I have the following use case (PostgreSQL, currently v9 but I'm planning to upgrade to the latest version).

  • I have a data warehouse application with a central table that has a sizeable number of columns, two of these being JSONB columns.
  • As common for data warehouse applications, I have a number of indices on the central table, roughly one for each query type that is running.
  • The central table has a case column that contains an integer value and identifies one subset of data.
  • After the import, the records for a particular case are immutable (but I might need to purge all records for a case and re-import it once in a while).
  • For each case, I have ~100k to 3M records (a pretty much bimodal distribution with 70% making up ~100k, and 30% making up ~3M records).
  • I currently have one thousand cases and would expect this to grow by one thousand cases a year.
  • 95% of all queries to go a single case. 5% of all queries go to a dozen or maybe 200 cases.

Now my questions:

  • Would it make sense to partition by case ID for performance improvements? I'm currently not so much concerned about query performance (Postgres is really awesome) but more about import times.
  • If I'm partitioning by case, would I hash the case ID integer or would I start a new one-element range for each case?
  • If I'm getting 10k or 100k cases, would Postgres scale to this number of partitions?
  • I'm considering using something like Citrus for sharding over multiple physical servers. Is there anything to keep in mind here?

I did quite some online search regarding this topic but did not find much beyond table partitioning for log files. I'd be more than happy if you could direct me to good resources for research.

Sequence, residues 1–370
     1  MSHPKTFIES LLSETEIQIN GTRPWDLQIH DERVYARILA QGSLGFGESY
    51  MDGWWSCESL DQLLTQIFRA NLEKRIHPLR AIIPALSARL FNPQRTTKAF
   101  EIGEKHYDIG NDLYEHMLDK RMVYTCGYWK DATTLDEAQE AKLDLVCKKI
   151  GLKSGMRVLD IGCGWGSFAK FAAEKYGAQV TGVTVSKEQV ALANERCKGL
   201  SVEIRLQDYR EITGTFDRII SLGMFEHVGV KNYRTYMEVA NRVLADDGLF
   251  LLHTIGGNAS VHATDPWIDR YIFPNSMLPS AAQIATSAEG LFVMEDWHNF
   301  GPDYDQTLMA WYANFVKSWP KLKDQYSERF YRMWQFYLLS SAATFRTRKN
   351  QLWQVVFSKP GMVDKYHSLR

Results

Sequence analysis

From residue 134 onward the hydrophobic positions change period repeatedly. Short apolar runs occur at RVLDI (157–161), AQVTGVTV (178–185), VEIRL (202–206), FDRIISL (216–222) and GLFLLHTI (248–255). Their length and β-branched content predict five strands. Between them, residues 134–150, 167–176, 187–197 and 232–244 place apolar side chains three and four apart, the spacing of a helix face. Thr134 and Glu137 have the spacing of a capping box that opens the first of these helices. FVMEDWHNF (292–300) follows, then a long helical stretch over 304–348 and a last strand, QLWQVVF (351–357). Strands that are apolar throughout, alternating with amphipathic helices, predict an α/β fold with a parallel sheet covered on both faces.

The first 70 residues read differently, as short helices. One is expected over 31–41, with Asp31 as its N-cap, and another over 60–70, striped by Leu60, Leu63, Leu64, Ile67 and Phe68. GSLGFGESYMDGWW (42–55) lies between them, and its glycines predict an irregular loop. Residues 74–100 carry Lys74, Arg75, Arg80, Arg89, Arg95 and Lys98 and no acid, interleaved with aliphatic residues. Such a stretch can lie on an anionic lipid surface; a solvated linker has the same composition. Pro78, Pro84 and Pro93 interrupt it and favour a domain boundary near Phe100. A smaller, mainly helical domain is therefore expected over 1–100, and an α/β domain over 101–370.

• 1
    10k partitions might work with Postgres 11, probably better to wait for Postgres 12 (which is in beta now, so you could try it). 100k partitions will probably not perform well definitely not with 11, and I doubt that the improvements in 12 will make that perform well). But you could use hash partitioning with e.g. 1000 or 5000 partitions (so multiple IDs per partition). Or range partitioning: put IDs 1 - 1000 into one partition, 1001 to 2000 in the next and so on.
    – user1822
    Jun 6, 2019 at 1:41
  • Definitely give Postgres 12 a try. Selecting from one partition among, say, 10k that are defined is at least hundreds of times faster in Postgres 12 than in 11, because of the improved partition planning.
    – amitlan
    Jun 6, 2019 at 7:42
  • Don't know if you can have more than 65,000 - something about not more than that per query and if you're querying a partitioned table, each partition counts as an object - not terribly sure of my ground here - am currently researching partitioning and read that - don't have reference URL...
    – Vérace
    Aug 9, 2021 at 14:20
  • 1
    You might be interested in this.
    – Vérace
    Aug 10, 2021 at 5:34

1 Answer 1


100k partitions is an awful lot. I would not try that without doing some serious testing first. Include in the testing things like your backup scripts, and pg_upgrade runs (you don't want to design a database schema that cannot be feasibly upgraded to the next major version). Or just don't do it.

You would probably get most of the advantages of partitions without resorting to one partition per case. You could use hash partitioning (new in v11) or range partitioning, for example, to have a couple hundred partitions with a few hundred cases per partition.

5% of all queries go to a dozen or maybe 200 cases.

How does that get expressed? A app-generated in-list of literal case_id? A join to a parent case table with a where clause to identify the dozen to 200?

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